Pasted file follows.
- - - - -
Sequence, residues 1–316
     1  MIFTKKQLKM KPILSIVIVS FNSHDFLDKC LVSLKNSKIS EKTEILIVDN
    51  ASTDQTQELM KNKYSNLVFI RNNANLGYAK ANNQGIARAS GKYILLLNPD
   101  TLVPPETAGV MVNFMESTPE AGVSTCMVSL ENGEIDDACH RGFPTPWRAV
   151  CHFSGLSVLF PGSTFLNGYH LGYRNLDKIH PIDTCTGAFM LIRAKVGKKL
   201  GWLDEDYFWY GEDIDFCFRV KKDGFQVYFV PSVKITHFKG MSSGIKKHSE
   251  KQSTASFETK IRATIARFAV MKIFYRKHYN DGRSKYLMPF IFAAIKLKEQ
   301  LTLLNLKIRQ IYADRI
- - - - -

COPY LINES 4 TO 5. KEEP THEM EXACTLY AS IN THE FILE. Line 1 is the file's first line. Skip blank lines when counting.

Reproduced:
   101  TLVPPETAGV MVNFMESTPE AGVSTCMVSL ENGEIDDACH RGFPTPWRAV
   151  CHFSGLSVLF PGSTFLNGYH LGYRNLDKIH PIDTCTGAFM LIRAKVGKKL